Starting tomorrow, I’m traveling to a family wedding and will be out of touch for five days. It’s only three business days, but I haven’t seen some of these family members in a long time so I want to be present and focus on them for this trip. That means leaving work completely behind.
And that is hard.
Whether you’re out for a couple weeks or even just a long weekend, preparing yourself and those you work with is critical not only to their productivity and success while you’re gone, but also your peace of mind to truly disconnect and enjoy your time off (plus be prepared and productive when you’re back).
1. Let people know early
Give your colleagues, clients and anyone else relevant plenty of heads-up that you’ll be out. Make sure there aren’t any unexpected milestones or events on the calendar you’ll need more time to prepare others to handle in your absence. More importantly, tell them you’ll be out and not working. If you’re not explicit about this, they may expect you to continue checking your email. And you’ll feel compelled to. If you really want the time off, be direct and prepared.
2. Brief those left behind
Are others on your team going to need to chip in on certain projects? Do you need someone else to get something written, or edited, or coordinate anything else? Be explicit about what’s happening so there aren’t any surprises. Your team will appreciate being prepared, even if it’s just a heads-up on stuff they don’t need to be actively involved in.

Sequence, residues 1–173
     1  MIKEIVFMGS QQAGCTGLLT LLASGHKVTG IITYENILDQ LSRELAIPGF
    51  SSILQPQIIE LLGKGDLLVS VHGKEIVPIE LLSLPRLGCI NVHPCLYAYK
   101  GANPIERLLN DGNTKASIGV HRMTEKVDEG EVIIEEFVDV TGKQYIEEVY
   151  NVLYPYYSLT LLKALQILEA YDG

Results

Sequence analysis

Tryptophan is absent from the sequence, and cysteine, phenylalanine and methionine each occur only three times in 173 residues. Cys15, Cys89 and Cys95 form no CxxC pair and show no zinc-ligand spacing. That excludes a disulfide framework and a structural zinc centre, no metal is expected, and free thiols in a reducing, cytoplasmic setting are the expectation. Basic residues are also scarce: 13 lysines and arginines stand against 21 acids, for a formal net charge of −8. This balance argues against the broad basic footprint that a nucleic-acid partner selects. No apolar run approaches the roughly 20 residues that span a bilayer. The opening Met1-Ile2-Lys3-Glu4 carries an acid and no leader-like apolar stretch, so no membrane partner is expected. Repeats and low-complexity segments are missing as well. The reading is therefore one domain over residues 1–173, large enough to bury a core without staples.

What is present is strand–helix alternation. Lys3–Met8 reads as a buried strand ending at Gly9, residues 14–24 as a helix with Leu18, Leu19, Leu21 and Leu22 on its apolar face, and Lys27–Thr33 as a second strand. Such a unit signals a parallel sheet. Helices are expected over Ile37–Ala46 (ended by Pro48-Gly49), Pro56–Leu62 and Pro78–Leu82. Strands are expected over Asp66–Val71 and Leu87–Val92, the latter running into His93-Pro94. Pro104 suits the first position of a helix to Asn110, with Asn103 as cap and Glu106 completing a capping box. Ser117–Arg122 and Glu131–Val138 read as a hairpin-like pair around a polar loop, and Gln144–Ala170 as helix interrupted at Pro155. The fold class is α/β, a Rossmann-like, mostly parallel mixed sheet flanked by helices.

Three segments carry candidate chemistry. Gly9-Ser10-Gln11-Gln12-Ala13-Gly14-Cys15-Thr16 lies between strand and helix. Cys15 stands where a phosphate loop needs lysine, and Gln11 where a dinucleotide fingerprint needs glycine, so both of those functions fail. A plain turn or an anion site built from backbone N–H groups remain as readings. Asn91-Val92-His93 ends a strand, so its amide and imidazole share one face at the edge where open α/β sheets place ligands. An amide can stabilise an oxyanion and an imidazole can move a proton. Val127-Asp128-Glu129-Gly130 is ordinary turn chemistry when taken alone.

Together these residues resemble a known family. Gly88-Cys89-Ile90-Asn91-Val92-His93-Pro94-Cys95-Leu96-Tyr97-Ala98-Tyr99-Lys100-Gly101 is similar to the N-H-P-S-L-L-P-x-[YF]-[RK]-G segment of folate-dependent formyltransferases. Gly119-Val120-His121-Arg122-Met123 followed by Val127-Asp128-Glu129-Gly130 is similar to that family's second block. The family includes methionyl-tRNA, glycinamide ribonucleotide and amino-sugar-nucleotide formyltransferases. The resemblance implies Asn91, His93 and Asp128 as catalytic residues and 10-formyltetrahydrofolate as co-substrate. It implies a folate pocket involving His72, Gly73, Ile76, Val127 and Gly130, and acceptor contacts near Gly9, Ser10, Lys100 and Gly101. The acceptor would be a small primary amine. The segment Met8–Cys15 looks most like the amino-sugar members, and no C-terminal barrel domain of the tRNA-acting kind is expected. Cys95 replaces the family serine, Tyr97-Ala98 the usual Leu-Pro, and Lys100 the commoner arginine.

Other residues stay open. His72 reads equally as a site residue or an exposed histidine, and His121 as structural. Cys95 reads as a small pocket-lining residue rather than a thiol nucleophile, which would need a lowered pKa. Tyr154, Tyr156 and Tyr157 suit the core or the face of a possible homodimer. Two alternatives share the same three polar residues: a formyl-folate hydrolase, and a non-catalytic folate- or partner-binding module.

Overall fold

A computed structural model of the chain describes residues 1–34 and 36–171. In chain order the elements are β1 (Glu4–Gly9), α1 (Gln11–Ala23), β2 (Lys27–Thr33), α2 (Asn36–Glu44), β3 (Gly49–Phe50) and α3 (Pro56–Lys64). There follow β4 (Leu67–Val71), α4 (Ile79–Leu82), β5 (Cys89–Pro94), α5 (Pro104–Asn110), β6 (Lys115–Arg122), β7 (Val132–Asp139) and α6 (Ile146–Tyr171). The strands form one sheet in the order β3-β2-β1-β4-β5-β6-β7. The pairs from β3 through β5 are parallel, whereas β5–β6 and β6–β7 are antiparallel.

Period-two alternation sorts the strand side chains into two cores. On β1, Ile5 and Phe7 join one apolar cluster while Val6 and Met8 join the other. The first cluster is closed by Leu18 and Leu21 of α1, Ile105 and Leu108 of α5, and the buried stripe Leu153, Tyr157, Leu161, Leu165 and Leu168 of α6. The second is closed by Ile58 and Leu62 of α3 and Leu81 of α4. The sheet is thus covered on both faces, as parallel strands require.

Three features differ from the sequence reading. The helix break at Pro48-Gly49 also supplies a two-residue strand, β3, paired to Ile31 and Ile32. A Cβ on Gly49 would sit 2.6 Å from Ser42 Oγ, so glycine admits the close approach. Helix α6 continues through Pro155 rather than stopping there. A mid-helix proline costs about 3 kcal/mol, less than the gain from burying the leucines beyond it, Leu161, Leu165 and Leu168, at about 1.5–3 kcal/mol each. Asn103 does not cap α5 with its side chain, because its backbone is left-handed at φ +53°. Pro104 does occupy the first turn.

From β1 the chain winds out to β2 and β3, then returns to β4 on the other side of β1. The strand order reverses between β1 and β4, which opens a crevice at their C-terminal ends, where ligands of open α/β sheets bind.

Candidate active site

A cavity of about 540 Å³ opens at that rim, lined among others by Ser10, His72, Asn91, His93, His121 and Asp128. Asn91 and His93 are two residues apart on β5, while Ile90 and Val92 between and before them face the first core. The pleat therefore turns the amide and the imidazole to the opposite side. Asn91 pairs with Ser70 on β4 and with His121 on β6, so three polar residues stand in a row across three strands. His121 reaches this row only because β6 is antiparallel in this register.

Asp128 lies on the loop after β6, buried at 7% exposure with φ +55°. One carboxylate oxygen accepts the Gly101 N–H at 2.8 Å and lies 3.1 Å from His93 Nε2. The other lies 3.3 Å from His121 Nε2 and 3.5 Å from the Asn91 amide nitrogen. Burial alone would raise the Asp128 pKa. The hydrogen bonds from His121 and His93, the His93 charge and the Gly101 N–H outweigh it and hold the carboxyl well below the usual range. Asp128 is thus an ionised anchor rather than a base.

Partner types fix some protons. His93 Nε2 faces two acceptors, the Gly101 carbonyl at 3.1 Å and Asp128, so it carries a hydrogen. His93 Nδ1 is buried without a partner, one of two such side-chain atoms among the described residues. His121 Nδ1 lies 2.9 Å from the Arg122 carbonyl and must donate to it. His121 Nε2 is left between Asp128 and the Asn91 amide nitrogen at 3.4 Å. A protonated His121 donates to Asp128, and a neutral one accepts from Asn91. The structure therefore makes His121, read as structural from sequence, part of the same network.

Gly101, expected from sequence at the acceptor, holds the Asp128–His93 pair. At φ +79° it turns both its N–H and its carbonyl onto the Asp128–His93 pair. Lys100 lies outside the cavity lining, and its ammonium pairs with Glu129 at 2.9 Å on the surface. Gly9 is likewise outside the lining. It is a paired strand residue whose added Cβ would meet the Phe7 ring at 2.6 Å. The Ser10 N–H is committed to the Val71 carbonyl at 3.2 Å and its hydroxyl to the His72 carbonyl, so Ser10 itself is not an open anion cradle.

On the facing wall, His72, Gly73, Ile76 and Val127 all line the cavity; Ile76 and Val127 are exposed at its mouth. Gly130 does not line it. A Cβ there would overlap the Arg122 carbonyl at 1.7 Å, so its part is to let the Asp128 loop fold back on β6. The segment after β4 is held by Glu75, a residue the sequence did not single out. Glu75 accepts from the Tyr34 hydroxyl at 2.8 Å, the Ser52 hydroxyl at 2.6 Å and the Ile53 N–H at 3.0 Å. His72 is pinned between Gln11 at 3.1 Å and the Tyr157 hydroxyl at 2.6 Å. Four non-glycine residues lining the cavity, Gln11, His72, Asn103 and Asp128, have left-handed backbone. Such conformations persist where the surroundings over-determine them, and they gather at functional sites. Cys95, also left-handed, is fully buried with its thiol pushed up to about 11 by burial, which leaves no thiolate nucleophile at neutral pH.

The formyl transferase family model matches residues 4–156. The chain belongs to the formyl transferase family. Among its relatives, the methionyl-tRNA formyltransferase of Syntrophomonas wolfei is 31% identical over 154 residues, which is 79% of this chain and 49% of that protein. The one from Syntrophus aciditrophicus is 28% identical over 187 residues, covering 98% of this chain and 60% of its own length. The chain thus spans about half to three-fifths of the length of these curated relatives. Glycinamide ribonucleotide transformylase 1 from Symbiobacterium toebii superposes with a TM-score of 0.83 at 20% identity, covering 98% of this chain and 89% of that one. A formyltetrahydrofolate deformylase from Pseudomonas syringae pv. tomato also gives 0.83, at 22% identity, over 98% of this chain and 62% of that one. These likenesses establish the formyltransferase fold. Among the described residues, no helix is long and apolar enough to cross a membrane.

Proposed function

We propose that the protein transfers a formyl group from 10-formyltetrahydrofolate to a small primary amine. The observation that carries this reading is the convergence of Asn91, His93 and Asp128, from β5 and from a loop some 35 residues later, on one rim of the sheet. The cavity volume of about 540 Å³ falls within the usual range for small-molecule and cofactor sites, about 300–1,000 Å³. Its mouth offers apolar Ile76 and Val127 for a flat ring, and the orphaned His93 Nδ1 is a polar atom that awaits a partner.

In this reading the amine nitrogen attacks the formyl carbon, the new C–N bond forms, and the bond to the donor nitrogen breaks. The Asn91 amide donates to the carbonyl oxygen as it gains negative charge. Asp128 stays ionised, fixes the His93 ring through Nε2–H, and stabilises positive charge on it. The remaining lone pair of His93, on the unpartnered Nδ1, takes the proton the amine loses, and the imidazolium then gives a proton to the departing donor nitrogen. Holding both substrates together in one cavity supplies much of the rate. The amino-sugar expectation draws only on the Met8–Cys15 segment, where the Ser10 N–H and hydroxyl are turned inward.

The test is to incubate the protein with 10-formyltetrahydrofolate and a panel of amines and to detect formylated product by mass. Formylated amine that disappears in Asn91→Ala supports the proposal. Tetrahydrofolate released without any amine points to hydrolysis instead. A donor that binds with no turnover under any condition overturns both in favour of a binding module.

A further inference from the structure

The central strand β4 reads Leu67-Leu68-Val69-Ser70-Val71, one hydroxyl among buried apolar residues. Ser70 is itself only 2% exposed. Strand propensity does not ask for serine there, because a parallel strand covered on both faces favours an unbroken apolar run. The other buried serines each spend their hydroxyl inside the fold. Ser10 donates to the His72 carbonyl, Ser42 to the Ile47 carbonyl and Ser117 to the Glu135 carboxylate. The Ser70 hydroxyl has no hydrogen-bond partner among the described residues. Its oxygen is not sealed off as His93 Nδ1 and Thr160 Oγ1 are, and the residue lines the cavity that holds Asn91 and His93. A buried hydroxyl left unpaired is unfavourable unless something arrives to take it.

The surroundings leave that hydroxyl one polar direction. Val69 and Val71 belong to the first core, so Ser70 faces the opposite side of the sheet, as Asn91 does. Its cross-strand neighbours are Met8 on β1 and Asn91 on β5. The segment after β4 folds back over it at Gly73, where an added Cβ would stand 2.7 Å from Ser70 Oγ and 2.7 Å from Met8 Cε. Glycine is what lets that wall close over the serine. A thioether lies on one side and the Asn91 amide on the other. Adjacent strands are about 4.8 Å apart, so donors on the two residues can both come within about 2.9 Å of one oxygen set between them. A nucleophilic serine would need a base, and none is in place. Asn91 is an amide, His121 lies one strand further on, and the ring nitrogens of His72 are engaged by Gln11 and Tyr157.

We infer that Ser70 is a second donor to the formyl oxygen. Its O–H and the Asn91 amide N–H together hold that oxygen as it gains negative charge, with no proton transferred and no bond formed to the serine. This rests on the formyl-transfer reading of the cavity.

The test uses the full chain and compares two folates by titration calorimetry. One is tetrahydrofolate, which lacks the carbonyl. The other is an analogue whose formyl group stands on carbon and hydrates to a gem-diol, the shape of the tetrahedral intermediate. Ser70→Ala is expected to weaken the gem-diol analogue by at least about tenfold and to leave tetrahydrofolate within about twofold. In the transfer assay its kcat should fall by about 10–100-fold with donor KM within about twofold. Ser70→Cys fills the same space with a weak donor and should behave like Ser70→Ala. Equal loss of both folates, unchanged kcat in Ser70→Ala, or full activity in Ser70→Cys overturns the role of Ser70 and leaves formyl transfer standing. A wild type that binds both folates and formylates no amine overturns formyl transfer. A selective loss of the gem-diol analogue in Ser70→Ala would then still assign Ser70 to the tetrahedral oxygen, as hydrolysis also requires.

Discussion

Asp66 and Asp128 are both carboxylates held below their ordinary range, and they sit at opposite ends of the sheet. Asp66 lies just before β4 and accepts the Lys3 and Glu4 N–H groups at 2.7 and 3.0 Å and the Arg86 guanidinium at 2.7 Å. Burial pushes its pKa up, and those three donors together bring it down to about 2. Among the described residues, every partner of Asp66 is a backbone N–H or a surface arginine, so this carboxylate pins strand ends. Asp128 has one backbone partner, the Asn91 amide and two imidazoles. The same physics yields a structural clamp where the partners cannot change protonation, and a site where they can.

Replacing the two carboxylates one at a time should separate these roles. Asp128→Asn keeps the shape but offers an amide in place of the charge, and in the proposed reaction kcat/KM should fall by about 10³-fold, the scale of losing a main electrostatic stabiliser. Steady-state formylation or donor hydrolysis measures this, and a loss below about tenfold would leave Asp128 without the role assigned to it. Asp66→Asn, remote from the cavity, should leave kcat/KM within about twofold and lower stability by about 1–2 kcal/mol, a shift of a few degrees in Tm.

3. Establish escalation paths
When you’re in the office, the escalation path me go through you or BE you. But if you’re really on vacation, unless the building is on fire, that’s not going to be you. Help your team, colleagues and peers know exactly who to go to when they have questions, need something reviewed, or if the you-know-what hits the fan.
4. Set up a really good out-of-office message
Make it clear you’re on vacation. Be explicit about where to go if they need help right now. Consider changing your voicemail message to reflect this as well. Don’t be afraid to have a little fun with your out-of-office message too (send me an email at firstname.lastname@example.org to see what mine looks like).
5. Prepare for your 1st day back
Sure, things may change between now and when you get back. But if they don’t change significantly, do you know how you’ll prioritize the day? What are your top five and “one of five” priorities for your first day back? Block time in the morning to get caught up, but focus on actual, productive work priorities as quickly as possible. Setting this up before you leave will help you not only relax while out, but come back refreshed, prepared and productive.